Implementing generic controllers in ASP.NET MVC and WebAPI – Part 1: Attribute-based routing with inheritance

Once in a while Mountain Warehouse runs competition campaigns like Britain’s Best Post-walk Pint or Lights, Camera, Backpack. Most of the time the principle is the same – users submit entries on the website (usually a picture with some description and basic info about themselves), then people vote and a winner is selected (sometimes it takes several rounds of voting). After building several independent websites that were very similar in functionality (but yet a bit different), we decided it would be worth creating a reusable framework for all future competition websites.

The look of each competition would be quite different, so each one has to have its own set of views. But the controllers code can and should be reused. In the first part of this post series I will talk about MVC controllers, while the second one will be about Web API part.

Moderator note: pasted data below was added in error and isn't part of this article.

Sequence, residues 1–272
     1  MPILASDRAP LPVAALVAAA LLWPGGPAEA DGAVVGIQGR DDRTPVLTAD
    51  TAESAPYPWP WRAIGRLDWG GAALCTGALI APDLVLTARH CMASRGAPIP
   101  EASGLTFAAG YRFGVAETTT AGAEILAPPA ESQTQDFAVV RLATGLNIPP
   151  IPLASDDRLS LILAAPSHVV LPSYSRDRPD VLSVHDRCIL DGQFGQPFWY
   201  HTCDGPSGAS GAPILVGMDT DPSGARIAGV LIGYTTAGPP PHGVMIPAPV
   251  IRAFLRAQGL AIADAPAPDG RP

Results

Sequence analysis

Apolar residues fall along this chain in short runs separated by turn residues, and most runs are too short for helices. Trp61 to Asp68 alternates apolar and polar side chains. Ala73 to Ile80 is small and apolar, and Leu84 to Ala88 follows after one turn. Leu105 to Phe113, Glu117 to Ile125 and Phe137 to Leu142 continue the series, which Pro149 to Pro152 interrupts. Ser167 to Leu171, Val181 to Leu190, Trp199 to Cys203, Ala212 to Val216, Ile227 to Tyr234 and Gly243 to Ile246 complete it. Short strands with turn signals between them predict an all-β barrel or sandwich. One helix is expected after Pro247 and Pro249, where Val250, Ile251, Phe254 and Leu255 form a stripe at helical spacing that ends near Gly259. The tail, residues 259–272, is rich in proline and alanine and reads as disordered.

Essentially reusing common functionality in the Competition framework goes down to creating a base controller, that would take ICompetetionService in the constructor. Each one of the derived controllers (each competition would have its own controller) would pass a specific implementation of the service. Pretty seamless, apart from few tweaks that had to be done to the MVC framework configuration.

Inherited route attributes in MVC controllers

The tricky bit in inheriting controller was to inherit the routing. Using attribute routing, how can we make sure the derived controllers use action routes from the base controller with custom route prefixes? In order to accomplish that you need to do two things – one is pretty straight forward, another – not so much.

First, we need to override DefaultDirectRouteProvider. The reason for this is that, if you look inside the implementation of this class, you see that in the method that gets route attributes (GetActionRouteFactories) GetCustomAttributes function of actionDescriptor is called with inherit parameter set to false. So all we need to do is to override this method, like this: